It almost happens without anyone realizing, but the influx of rookie talent has a pretty significant effect on the NHL landscape.
The focus is often on individual cases, be it the top pick in the draft or a prospect that breaks out in the junior, college or international ranks and suddenly generates extra hype. And why not have that approach? It was a lot of fun to watch top-two picks Connor McDavid and Jack Eichel grow with the Edmonton Oilers and Buffalo Sabres in 2015-16.
What gets lost in the fray is that 60 rookies played 40 games or more at the NHL level last season. A number of them had immediate impacts, like Shayne Gostisbehere with the Philadelphia Flyers, Pittsburgh Penguins goalie Matt Murray—still considered a rookie this season, Calder Trophy winner Artemi Panarin of the Chicago Blackhawks, Anaheim Ducks starter John Gibson and St. Louis Blues forward Robby Fabbri among them.
This season’s freshman class might not be as top-heavy as the previous one—forwards Auston Matthews and Patrik Laine aren’t quite the same 1-2 punch as McDavid and Eichel—but it has a ton of depth.
Laine might even have a slight production edge over Matthews this season, because his shot is so lethal and he’ll have no trouble scoring goals with the Jets in Winnipeg. On the flipside, Matthews is an elite playmaker that has shown he’s ready for the big time with the Maple Leafs. Either way, they are undoubtedly the main attractions.
However, there are a number of first-years that could challenge that duo for the Calder Trophy as the league’s top rookie, and they deserve plenty of attention as well.
Two of those players, William Nylander and Mitch Marner, will be competing with Matthews in Toronto. Nylander provided a glimpse of his capabilities of during the second half of 2015-16, and Marner has a strong shot at cracking the lineup on opening night.
From the 2016 draft, Pierre-Luc Dubois (Columbus Blue Jackets), Jesse Puljujarvi (Edmonton Oilers) and Matthew Tkachuk (Calgary Flames) will also get long looks in training camp, and could very well get their NHL careers started immediately. It wouldn’t be unheard of if they made their respective clubs, but it would be equally unsurprising if they needed another year to develop.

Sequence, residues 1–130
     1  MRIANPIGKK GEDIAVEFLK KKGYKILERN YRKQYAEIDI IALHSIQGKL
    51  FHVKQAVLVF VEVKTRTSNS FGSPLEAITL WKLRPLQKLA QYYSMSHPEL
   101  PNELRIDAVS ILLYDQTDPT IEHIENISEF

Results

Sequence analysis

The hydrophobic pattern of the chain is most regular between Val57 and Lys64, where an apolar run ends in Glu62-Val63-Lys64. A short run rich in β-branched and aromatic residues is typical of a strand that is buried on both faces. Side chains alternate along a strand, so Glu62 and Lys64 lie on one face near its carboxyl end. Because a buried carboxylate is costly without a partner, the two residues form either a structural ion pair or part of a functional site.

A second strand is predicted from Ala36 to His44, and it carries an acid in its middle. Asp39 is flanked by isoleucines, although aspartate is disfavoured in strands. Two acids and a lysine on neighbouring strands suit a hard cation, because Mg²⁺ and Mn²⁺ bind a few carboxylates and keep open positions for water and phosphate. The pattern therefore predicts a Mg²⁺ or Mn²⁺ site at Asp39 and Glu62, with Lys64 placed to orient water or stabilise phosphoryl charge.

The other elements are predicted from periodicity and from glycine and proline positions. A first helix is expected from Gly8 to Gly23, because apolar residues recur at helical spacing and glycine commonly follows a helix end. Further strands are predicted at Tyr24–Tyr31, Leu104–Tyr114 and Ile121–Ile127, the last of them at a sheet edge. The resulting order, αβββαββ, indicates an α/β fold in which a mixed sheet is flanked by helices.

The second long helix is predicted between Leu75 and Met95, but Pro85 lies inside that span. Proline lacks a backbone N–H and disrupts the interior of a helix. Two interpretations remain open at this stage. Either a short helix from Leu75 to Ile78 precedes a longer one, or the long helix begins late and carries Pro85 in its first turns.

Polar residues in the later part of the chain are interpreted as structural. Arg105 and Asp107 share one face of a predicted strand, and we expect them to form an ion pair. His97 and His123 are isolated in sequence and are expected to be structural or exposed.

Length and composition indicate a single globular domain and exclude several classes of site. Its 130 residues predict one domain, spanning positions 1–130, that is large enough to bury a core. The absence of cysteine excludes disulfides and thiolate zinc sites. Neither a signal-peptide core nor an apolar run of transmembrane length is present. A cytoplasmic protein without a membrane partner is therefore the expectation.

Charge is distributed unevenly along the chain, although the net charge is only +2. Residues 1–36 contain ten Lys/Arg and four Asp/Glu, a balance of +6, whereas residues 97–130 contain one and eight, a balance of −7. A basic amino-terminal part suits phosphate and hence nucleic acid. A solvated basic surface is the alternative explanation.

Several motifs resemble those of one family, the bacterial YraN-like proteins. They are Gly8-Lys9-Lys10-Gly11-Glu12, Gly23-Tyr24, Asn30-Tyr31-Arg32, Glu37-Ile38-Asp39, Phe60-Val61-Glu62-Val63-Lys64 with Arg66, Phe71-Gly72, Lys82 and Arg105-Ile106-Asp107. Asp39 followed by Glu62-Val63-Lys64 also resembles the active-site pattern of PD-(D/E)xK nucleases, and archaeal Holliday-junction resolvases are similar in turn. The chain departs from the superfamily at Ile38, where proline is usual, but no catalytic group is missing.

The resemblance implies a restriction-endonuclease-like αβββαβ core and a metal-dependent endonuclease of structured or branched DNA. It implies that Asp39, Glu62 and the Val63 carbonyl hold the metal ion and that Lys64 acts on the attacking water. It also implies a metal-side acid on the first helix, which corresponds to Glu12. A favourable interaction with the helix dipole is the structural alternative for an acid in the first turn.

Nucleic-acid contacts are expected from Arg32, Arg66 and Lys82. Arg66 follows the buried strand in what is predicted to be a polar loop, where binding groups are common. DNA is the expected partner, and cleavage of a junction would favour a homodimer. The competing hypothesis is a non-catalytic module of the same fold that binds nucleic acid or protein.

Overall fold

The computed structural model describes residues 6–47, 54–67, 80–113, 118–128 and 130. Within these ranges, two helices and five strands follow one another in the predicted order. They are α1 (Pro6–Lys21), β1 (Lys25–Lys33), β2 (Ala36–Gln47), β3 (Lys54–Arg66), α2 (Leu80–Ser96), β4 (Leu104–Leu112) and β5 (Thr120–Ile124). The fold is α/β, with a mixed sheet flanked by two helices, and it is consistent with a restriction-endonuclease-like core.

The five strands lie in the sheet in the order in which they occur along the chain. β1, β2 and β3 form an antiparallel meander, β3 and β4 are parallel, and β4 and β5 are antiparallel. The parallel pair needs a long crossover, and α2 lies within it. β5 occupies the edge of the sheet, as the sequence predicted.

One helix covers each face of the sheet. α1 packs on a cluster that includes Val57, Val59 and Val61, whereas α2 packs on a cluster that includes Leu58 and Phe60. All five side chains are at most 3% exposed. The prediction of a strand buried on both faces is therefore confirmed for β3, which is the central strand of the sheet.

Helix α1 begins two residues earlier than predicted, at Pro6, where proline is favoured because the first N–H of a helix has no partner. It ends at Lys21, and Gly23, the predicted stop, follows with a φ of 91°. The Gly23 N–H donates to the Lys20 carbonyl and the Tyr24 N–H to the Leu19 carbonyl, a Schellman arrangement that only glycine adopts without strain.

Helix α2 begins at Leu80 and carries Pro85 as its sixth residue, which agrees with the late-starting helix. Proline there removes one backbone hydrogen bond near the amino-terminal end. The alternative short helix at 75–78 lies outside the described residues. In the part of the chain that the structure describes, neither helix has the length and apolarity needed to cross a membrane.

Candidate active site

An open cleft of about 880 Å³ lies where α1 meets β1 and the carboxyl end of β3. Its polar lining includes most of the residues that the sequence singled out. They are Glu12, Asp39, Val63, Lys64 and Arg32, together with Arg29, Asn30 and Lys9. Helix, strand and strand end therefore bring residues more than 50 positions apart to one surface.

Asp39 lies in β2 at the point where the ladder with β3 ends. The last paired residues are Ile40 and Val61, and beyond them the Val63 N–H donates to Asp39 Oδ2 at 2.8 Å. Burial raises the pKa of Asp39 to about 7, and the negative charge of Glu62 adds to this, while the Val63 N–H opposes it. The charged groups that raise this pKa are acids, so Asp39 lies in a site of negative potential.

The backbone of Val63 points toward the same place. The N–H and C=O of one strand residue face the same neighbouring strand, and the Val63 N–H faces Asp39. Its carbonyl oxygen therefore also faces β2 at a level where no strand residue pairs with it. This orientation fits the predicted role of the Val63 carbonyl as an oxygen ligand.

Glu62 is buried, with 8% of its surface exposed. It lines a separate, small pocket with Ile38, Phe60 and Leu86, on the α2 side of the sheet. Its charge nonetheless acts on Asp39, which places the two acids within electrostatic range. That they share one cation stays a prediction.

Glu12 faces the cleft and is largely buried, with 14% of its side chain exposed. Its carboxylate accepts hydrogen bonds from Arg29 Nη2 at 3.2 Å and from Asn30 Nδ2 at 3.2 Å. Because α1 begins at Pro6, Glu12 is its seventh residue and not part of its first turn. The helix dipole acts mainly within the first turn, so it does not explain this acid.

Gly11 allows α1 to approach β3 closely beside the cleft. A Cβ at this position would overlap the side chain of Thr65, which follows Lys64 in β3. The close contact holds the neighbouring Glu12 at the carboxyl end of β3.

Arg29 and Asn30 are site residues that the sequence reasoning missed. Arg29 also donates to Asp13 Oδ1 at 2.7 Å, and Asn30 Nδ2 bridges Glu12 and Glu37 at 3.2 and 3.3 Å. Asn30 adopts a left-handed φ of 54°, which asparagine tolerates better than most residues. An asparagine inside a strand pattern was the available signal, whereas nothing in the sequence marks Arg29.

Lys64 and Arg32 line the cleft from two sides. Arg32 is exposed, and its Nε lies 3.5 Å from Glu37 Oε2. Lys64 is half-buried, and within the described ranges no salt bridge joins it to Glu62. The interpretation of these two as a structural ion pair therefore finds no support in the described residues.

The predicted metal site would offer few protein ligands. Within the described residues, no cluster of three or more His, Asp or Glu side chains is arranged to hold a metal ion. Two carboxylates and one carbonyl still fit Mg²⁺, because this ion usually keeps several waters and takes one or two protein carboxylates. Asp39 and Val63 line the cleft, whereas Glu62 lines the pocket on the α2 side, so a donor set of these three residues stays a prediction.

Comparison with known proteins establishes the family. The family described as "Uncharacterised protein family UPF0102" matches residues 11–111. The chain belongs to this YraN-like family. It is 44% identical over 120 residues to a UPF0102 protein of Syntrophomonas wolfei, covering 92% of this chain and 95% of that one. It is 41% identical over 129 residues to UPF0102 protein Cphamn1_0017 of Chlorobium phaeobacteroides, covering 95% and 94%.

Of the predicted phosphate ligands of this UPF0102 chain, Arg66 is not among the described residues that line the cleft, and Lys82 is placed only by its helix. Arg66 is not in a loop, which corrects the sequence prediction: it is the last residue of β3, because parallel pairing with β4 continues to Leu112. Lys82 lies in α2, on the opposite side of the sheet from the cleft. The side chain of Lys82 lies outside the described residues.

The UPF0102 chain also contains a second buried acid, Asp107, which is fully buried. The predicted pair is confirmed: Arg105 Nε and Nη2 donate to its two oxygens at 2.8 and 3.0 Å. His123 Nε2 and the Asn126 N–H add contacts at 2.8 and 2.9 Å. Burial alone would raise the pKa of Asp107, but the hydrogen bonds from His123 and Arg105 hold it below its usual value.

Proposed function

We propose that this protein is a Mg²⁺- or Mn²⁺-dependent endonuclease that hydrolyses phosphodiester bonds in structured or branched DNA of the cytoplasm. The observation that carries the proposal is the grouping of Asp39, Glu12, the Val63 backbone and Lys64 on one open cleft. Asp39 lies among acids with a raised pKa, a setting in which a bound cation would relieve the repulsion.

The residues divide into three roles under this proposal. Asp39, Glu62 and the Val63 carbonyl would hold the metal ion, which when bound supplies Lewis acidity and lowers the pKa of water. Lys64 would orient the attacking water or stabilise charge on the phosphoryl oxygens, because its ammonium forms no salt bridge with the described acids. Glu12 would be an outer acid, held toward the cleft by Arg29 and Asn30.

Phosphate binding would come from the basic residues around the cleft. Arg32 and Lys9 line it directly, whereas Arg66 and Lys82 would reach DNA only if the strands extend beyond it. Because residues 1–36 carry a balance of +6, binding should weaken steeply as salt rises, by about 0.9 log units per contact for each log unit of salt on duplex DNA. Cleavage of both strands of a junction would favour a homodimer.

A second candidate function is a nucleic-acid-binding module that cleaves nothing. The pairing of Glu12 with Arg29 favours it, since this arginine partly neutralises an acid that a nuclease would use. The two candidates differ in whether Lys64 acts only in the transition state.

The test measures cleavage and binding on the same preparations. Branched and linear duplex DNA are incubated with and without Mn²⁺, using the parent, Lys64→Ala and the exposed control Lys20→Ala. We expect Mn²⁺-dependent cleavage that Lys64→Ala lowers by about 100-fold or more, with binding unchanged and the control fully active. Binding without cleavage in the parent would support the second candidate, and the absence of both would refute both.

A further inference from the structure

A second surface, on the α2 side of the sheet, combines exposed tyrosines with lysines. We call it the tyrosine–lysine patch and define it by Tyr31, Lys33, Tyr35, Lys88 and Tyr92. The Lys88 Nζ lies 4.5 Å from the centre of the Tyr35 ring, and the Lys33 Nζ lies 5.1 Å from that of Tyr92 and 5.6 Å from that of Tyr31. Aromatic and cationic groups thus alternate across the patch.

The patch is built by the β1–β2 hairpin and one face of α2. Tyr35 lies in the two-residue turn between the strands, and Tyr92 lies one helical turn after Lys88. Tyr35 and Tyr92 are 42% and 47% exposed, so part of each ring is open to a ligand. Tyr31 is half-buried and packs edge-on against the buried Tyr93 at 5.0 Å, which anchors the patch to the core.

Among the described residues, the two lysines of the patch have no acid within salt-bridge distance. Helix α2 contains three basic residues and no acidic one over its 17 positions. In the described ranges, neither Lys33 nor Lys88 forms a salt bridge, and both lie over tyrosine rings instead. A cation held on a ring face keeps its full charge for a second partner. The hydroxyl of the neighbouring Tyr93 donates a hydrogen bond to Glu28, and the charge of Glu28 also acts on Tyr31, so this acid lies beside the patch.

Dylan Strome, drafted third by Arizona in 2015, and Christian Dvorak, taken at No. 58 in 2014, will look to be the Coyotes’ next dynamic rookie duo, roles that Max Domi and Anthony Duclair filled in Arizona last season.
Defensively, the two names that offer the most intrigue are the Flyers’ Ivan Provorov and Blue Jackets’ Zach Werenski. Provorov’s all-around game will complement Gostisbehere’s offensive prowess, while Werenski’s impact in Columbus might be similar to Gostisbehere’s in making the jump to the NHL.
Murray leads the pack in terms of rookie goaltenders, and will be just the second puck-stopper to win a Stanley Cup and be a Calder-hopeful the following season. If he can hold off Marc-Andre Fleury and play anything like he did during the playoffs, he’s a shoo-in as a final nominee. A goalie hasn’t claimed the title of Rookie of the Year since Steve Mason took it home in 2008-09.
Hurricanes prospect Sebastian Aho is another intriguing prospect and a Calder sleeper. The center for Laine and Puljujarvi on Team Finland at the World Junior Championship this past winter, he’s quite talented. Aho figures to be on Carolina’s opening night roster, though how much he’ll be able to contribute right out of the gate remains to be seen.
Those looking for deep sleepers should keep Buffalo’s Hudson Fasching in mind. The 21-year-old rugged winger was very solid in his seven games with the Sabres in ’15-16 after he put up strong numbers during his collegiate career at the University of Minnesota.
Other players that could see time in the NHL this season include: Mathew Barzal (NYI), Travis Konecny (PHI), Mikko Rantanen (COL), Pavel Buchnevich and Jimmy Vesey (NYR), Kyle Connor (WPG), Oliver Bjorkstrand (CBJ), Pavel Zacha (NJD), Timo Meier (SJS), Mark McNeil and Nick Schmaltz (CHI), and Anthony Mantha (DET), among others.
With such a deep talent pool, it’s almost impossible to handicap the Calder Trophy race, though no matter what, it’ll be a lot of fun to watch the new kids on the block trying to cement their status as NHLers.